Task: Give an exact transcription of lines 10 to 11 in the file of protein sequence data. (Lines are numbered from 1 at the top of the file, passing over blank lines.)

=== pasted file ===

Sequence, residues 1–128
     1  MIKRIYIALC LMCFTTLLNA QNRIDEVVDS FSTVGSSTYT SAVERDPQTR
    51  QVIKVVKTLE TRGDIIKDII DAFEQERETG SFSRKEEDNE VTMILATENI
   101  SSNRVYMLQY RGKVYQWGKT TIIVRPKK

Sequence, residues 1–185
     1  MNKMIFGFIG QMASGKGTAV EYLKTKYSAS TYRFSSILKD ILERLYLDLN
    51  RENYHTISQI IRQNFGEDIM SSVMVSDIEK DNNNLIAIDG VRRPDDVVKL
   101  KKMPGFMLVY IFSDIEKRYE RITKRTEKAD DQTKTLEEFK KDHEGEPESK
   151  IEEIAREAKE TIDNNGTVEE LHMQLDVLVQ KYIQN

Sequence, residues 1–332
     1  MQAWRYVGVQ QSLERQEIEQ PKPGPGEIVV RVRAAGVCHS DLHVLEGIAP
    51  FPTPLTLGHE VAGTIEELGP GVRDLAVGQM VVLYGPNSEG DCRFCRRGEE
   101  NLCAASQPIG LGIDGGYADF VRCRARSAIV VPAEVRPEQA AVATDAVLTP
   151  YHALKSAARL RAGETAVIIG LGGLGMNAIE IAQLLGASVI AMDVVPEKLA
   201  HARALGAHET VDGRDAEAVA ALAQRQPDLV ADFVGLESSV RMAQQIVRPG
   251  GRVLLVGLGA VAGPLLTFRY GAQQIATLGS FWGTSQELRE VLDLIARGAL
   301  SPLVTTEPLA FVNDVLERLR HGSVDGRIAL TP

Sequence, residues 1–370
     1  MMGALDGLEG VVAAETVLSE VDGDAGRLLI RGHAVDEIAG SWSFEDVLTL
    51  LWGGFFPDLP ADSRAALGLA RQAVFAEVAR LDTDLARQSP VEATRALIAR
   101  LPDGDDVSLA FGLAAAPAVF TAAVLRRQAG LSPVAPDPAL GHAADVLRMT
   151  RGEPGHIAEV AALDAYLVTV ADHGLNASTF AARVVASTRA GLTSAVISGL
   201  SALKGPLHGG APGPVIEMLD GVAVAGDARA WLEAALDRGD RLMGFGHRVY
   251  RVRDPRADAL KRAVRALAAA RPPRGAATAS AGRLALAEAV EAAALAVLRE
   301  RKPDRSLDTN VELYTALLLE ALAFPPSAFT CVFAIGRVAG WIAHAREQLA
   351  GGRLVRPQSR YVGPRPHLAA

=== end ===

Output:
Sequence, residues 1–332
     1  MQAWRYVGVQ QSLERQEIEQ PKPGPGEIVV RVRAAGVCHS DLHVLEGIAP